Monday, March 24, 2008

Women Who May Never Marry (Parte Dos)

If they paid me the Big Bucks (oh! One day!), I would feel obligated to explain to you the unexplainable. But since I'm poor and confused, I'll just be honest:
I really don't know what to make of the last 2 chapters of Women Who.

One of these, "Making Peace With Yourself", exhorts women to stop blaming themselves for the cultural and economic factors that have made marriage basically unnecessary. Good point. Then, Wolfe launches into a sort of quiz/checklist, that's supposed to help you accept yourself as you are. As much as I'm a sucker for helping myself, it does seem a little odd to throw self-help in right at the end. Add to this the user-unfriendliness of the method (is it a quiz? Flowchart? Outline?), and it's clear that I may not be making peace with myself through these particular means.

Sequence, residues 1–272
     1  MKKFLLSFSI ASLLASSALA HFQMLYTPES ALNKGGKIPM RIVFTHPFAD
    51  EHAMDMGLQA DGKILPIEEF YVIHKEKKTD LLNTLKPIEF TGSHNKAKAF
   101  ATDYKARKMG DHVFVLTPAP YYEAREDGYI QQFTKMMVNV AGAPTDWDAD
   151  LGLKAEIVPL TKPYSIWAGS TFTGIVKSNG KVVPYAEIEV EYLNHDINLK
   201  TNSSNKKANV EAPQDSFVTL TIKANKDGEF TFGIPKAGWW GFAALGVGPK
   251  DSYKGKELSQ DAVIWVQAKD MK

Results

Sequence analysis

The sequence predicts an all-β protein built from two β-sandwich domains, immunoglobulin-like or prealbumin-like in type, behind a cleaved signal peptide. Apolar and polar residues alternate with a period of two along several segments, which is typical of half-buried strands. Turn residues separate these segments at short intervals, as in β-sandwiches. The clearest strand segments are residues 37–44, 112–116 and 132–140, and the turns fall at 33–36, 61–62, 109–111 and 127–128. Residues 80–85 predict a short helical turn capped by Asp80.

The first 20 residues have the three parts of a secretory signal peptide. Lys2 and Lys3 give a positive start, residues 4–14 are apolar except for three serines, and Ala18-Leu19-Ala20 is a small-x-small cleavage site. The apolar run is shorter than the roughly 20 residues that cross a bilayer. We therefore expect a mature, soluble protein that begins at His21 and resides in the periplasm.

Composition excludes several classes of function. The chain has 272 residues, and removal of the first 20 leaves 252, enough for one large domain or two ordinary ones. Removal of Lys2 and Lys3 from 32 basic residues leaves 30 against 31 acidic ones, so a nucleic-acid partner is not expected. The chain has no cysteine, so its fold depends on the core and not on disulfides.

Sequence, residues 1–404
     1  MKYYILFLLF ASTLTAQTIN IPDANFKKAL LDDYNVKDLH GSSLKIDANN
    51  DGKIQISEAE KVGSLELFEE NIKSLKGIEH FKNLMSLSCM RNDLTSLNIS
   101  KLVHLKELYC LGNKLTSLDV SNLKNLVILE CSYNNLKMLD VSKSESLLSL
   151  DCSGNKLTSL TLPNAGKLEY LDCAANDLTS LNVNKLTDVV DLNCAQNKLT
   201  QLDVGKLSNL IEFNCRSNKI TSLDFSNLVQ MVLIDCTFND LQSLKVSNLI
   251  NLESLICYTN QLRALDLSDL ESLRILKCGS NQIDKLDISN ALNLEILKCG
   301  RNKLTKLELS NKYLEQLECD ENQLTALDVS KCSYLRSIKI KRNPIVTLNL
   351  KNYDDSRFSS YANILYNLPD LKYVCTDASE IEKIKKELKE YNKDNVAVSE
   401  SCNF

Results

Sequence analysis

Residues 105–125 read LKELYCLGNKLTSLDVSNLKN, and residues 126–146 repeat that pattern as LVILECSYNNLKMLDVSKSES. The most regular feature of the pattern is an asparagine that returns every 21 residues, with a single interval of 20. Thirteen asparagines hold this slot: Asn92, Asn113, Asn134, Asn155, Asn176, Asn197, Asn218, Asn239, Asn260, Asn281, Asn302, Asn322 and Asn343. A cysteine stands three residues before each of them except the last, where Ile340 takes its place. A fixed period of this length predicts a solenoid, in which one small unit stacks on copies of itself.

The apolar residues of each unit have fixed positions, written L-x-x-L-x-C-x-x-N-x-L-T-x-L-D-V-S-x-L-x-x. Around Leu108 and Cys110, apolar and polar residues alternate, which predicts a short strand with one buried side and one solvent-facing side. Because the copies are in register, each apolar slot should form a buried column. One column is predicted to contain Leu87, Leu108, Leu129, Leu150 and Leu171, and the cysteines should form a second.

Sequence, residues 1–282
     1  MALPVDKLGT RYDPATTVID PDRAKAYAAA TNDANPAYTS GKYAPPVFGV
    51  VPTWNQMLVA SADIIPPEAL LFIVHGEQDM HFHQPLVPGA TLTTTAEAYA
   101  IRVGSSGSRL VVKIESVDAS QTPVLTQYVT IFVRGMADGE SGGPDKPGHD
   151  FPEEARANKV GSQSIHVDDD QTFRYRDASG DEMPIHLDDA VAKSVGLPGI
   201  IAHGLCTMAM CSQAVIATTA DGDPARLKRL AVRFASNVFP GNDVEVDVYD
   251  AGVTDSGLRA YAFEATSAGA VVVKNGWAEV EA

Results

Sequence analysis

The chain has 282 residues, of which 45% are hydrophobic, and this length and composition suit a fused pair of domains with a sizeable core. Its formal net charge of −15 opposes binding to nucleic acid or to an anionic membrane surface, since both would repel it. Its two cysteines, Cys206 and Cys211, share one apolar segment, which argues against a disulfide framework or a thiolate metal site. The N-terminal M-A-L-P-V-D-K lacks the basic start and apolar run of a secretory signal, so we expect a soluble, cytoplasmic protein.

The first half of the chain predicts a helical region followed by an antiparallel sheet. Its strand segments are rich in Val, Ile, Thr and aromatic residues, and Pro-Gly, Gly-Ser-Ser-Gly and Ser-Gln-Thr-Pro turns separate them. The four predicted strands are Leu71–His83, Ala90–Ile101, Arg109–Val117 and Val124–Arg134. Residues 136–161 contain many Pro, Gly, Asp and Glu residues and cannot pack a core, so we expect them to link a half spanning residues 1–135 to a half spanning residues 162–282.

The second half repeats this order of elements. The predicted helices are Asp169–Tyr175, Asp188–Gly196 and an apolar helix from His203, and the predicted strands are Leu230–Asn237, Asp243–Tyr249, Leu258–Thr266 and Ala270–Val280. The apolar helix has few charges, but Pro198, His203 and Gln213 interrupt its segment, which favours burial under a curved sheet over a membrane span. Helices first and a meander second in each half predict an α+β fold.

The last chapter talks about how to construct your own community outside of heterosexual monogamy. While this is, again, a good idea, Wolfe spends way too much time heralding polygamy. While polygamy (and I think most people would prefer to know it as polyamory) may work for some, I still think that it's not the ideal solution for most of us. Then, Wolfe ends with a section on "Extended Families of Choice", which I really do think applies to all of us.

So, Women Who is uncompromisingly uneven. But, it makes me feel better to know that I'm not the only person who may never marry-- and that whether I marry or not isn't what my happiness will hinge on. Like the misguided women profiled in the book, I thought being asexual would kill my chances for ever marrying. But apparently, my orientation is the least of my problems compared to all the social forces that have made successfully marrying today almost impossible. This is pretty much the first century in history when people don't have to marry as a business contract, but are supposed to depend fully on their spouse for their every need. We've ditched extended families in favor of one true loves, and it's not working well for most of us. Could it be that we As are lucky to have an out? Or at least, an opportunity to discover this?

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